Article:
President calls on talk radio to help stem rising tide of broadcast hatred

WASHINGTON — WASHINGTON -- President Clinton said yesterday that he fears a rising tide of intense, anti-government suspicion is corroding America's ability to govern itself. And he looked to talk radio, of all places, for help.

"Part of your birthright as an American is to have a healthy suspicion of the government," Mr. Clinton said. But "we're going through a period now when it is much stronger among certain groups than it has historically been."


Many talk shows feed the "anxiety and lashing out" that infects American discourse, Mr. Clinton said. Instead, he urged hosts and their callers to reject "unacceptable" statements "that are just purely fostering hatred, division and encouraging violence."

In a telephone interview, Mr. Clinton conceded that "people in government authority make mistakes. Every one of us, including the president, can cite an example where he or she believes the government over steps its bounds, from something as innocent as being rude to a citizen in a Social Security line . . . to something as terrible as an unjustified arrest or an unjustified prosecution," he said.


But in the face of government abuses, American citizens should vote for change, call talk shows, file lawsuits, he said. "You do not have the right to break the law," he said. "And you certainly do not have the right to commit violence."

Mr. Clinton rebuked talk show hosts who promote violence and divisiveness, scolding syndicated radio host G. Gordon Liddy by name.

"Some speech is wrong," Mr. Clinton said. "I cannot defend some of the things that Gordon Liddy has said. I cannot defend some of the things some of these more extreme talk-show hosts have said."

Mr. Liddy has been widely condemned for telling callers to aim for the heads of federal agents who invade their homes wearing bulletproof vests. "Head shots, head shots. . . . Kill the sons of bitches," Mr. Liddy said on the air.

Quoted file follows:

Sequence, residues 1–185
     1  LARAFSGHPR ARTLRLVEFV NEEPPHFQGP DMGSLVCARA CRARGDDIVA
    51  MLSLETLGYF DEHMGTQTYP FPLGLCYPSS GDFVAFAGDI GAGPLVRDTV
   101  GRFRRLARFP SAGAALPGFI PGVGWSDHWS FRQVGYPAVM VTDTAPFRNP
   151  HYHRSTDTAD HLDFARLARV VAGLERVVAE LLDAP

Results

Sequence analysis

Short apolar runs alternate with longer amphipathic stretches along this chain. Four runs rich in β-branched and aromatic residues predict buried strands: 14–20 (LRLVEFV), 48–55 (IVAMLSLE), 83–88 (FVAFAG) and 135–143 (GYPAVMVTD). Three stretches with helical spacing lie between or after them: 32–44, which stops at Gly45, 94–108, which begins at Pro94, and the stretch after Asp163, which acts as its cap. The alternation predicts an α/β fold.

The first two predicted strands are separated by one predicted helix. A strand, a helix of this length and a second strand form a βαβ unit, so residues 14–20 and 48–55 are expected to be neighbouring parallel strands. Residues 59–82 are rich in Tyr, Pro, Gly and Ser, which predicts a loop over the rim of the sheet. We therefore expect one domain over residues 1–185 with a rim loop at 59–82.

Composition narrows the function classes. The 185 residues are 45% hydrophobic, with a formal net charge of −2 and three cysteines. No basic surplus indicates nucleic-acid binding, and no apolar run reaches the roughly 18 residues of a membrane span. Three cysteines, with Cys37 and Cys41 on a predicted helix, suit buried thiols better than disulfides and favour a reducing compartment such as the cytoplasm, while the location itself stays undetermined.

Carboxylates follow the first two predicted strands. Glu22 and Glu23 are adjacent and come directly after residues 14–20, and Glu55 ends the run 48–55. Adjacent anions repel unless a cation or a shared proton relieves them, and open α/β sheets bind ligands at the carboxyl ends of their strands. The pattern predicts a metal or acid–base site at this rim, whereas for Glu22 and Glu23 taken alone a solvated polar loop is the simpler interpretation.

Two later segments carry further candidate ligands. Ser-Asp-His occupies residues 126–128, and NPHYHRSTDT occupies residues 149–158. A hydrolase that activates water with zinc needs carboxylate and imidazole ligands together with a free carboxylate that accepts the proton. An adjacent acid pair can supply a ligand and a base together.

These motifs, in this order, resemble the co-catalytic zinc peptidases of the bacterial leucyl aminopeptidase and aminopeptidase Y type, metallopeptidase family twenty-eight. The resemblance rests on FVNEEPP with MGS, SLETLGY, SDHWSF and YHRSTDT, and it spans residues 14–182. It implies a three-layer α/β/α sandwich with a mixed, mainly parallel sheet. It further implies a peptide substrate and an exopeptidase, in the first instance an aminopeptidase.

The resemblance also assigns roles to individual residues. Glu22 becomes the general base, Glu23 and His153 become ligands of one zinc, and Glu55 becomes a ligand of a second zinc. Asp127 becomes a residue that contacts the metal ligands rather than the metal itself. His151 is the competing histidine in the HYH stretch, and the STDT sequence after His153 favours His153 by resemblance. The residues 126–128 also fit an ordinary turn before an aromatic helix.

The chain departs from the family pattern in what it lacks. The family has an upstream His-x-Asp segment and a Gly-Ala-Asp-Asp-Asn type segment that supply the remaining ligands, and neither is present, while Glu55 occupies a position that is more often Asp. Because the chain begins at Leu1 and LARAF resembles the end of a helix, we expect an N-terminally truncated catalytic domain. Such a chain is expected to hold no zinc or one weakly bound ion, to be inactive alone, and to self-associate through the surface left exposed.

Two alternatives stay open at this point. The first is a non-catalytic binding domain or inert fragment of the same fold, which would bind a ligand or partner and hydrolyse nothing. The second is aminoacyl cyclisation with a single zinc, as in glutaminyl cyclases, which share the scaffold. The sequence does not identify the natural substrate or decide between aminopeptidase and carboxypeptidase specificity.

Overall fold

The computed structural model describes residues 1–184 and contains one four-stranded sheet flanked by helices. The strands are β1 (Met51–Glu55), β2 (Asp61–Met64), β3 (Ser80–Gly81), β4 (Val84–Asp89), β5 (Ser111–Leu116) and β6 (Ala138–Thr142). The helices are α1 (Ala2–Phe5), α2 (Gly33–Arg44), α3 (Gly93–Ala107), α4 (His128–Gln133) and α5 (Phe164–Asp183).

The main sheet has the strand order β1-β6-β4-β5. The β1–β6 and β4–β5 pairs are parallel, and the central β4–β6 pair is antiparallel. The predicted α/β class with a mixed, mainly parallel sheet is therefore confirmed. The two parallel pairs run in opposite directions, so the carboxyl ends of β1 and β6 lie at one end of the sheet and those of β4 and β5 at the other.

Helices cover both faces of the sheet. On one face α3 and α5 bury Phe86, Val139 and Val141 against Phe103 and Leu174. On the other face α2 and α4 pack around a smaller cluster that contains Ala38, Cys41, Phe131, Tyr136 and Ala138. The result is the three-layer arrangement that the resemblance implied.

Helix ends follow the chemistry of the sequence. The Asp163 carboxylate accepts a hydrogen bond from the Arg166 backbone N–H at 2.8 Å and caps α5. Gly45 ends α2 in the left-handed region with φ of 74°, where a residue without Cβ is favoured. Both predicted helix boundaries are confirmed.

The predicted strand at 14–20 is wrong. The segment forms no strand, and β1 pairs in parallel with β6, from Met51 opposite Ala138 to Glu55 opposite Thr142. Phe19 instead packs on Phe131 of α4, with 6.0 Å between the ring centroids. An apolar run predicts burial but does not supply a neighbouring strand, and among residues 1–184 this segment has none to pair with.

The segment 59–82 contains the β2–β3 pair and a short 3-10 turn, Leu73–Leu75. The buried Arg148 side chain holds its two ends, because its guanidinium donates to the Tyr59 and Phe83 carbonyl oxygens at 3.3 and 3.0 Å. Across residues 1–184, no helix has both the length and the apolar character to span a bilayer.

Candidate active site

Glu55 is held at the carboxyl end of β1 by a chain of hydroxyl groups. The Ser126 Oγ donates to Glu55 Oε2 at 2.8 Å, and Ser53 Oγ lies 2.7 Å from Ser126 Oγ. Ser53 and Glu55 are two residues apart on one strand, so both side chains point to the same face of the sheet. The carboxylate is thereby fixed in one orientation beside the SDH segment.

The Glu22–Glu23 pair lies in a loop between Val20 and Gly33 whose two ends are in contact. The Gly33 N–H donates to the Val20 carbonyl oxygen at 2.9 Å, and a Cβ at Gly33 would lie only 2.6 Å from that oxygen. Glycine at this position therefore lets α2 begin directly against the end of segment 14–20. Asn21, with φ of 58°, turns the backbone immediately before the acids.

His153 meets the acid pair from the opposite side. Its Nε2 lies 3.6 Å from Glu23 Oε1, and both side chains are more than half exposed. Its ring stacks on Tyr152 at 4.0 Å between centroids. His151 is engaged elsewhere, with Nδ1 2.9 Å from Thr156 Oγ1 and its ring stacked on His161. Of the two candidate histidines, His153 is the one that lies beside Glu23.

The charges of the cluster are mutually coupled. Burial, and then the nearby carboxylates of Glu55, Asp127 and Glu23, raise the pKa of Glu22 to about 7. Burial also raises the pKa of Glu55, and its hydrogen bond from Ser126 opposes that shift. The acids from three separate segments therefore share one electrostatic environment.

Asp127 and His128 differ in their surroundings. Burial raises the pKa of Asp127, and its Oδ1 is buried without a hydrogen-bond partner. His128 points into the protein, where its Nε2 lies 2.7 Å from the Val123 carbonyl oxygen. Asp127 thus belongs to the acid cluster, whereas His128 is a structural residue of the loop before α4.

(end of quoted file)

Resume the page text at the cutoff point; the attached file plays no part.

Mr. Clinton also condemned "these little shortwave programs that plainly are encouraging violence." Shortwave radio has become a popular medium for programs sponsored by right-wing groups, such as the voice of the militia movement, Mark Koernke, who also is known as Mark from Michigan.

L Mr. Koernke was pulled off the air by his station last week.

Mr. Clinton defended his proposal to expand the FBI's power to monitor potential terrorist groups in the wake of the Oklahoma City bombing. That plan has civil libertarians on high alert.

Mr. Clinton stopped short, however, of calling for FBI surveillance of right-wing groups such as the Michigan Militia, a statewide group whose brand of anti-government rhetoric may have inspired Timothy McVeigh, the only suspect so far charged in the April 19 bombing of the Alfred P. Murrah Federal Building.


"The FBI would have to consider that based on the rhetoric and the conduct . . . the facts of each group," Mr. Clinton said. "I think the closer you come to advocating violence, the more . . . our law enforcement officials have to have the ability to at least look into whether they believe an incident is about to occur and whether they can head it off."

Mr. Clinton focused on the deep sense of distrust that seems increasingly to infect ordinary Americans' feelings toward their government.

In an April 27 Time-Yankelovich poll, 52 percent of Americans said the federal government has become so large and powerful that it poses a threat to the rights and freedoms of ordinary citizens. In that poll, 4 percent of respondents believe the federal government blew up the federal building in Oklahoma City.

Asked to explain why such startling sentiments seem to be gaining currency, Mr. Clinton blamed the "personal experience" of those who are distrustful, as well as "the anti-government voices" who "are louder and better organized" today than in the past.

"My own view is that suspicion of the government prevents people from making good . . . judgments about whether particular actions are right or wrong and keeps us from seeing what our challenges are," the president said.

"Whether it's my administration or the Congress or a particular bill pending, if you have a generally negative view of what is a very great country . . . it's hard to think about those things with a clear head if you're negative to the point of being paranoid, if you don't believe anything good can ever happen."


Mr. Clinton praised talk radio for "giving our country a sort of a set of town hall meetings that are constant, and giving people the opportunity to call in and express their views and engage in conversation.

"That's a very positive thing," he said. And he suggested that "we ought to use these forums now to try to reopen this conversation to really talk things through.

"My job as president is not to try to silence people with whom I disagree, no matter how bitterly I disagree," he said. "My job is to try to see that the Constitution is protected, that the laws are upheld and that the American people are safe and secure to lead whatever lives they want to lead."